It eventually became an established hub of southern Maine’s entertainment scene, however, with an impressive array of acts, such as the Ice Capades, Motley Crue, Billy Joel, Aerosmith and Boston. James Taylor, who first played at the civic center in July 1977, will perform in June in the last concert before renovation work gets under way this summer.

But the concert industry has undergone changes, with acts staging fewer shows. Steve Crane, the general manager, said casinos in Connecticut have built an arena that now attracts some of the bigger acts, making it harder for arenas elsewhere in New England to land those shows.

Despite the changed landscape, the civic center’s trustees argued for the renovation bond, saying it would end up costing taxpayers more to subsidize the arena if it lost acts because it could no longer compete with arenas in Bangor and Manchester, N.H.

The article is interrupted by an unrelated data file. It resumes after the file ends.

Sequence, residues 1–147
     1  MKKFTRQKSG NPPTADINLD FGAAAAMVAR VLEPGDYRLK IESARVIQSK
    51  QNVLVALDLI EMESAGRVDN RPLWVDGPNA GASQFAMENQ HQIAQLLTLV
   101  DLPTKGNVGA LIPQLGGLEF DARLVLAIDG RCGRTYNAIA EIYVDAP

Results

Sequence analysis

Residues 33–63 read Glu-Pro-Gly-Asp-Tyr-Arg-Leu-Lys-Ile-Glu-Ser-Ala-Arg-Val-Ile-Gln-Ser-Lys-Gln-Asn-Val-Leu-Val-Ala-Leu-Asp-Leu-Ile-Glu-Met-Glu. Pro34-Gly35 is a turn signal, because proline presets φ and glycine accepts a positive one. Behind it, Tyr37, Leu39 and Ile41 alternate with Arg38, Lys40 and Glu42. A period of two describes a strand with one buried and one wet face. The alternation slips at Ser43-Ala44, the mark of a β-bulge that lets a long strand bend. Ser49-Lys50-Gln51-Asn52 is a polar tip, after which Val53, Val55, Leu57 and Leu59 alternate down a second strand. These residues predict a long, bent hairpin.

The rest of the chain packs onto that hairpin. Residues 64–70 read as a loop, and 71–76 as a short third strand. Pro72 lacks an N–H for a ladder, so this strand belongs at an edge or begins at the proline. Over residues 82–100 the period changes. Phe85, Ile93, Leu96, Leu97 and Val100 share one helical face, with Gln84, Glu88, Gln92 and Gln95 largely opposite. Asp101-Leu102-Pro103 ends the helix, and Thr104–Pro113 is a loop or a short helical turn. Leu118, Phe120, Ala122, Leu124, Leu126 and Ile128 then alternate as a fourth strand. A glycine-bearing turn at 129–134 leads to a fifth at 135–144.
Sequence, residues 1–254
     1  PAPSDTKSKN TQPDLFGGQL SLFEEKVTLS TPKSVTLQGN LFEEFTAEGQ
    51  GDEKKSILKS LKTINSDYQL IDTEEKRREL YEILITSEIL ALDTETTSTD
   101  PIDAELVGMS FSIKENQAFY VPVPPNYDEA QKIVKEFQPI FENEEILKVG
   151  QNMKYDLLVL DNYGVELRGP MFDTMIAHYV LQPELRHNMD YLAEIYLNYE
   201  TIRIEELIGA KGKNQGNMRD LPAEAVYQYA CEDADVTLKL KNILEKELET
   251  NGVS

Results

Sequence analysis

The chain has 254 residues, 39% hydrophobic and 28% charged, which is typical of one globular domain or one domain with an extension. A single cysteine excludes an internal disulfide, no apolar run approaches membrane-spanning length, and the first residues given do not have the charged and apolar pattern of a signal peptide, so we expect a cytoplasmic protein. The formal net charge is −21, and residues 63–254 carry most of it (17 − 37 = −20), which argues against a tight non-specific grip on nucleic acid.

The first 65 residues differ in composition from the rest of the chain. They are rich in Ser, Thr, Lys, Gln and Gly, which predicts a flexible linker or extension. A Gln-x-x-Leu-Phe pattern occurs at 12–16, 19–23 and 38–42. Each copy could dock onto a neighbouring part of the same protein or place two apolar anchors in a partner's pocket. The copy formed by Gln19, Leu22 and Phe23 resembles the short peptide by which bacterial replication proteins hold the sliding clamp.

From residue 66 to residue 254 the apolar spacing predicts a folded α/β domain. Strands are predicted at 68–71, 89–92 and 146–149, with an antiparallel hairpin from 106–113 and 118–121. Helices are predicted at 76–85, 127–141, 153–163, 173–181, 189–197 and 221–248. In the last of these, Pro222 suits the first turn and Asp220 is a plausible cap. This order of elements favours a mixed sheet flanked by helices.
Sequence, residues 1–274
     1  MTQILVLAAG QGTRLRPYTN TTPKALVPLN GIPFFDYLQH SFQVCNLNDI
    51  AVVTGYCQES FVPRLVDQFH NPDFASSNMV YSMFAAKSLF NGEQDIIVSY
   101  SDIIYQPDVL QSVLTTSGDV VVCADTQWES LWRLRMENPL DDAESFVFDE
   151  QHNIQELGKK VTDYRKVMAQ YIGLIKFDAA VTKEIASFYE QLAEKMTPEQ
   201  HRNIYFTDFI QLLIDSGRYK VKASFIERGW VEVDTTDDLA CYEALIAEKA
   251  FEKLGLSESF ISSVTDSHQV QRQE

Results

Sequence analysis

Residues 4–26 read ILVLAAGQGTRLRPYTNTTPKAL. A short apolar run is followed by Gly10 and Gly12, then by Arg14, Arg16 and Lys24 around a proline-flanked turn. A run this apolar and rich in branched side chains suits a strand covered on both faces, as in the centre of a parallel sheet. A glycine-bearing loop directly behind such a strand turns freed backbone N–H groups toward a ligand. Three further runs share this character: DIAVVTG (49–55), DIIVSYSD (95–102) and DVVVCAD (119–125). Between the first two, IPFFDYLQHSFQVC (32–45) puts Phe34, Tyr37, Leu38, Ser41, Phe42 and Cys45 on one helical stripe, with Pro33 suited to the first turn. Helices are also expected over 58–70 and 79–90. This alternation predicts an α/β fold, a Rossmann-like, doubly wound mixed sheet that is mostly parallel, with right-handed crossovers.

A 2010 study by consultants Brailsford & Dunlavey, commissioned by the civic center board, said that an unrenovated arena would lose 10 events a year by 2016 and another seven events annually by 2020. Lost revenue during that period would total $2.7 million, the report said.

“The physical deficiencies of the facility are increasingly too great to overcome,” the consultants said.

The consultants recommended the improvements that they said would keep the civic center attractive to acts and fans and keep revenue flowing. The report’s findings were the basis of the campaign for the renovation bond, which also stressed preserving jobs and providing work for contractors.

Summer start favored

Dethlefs agreed with the consultants’ finding that the civic center was salvageable but needed a lot of work.

He said his mission is to take the civic center’s austere and sometimes cold interior and warm it up a bit, while opening up the exterior to let people know that there’s actually something taking place inside.

Dethlefs, who is overseeing construction of an arena in Bangor, suggested that it’s Portland itself, rather than the civic center, that drew his interest.

“Portland’s a great town, and that’s the major attraction for us,” he said.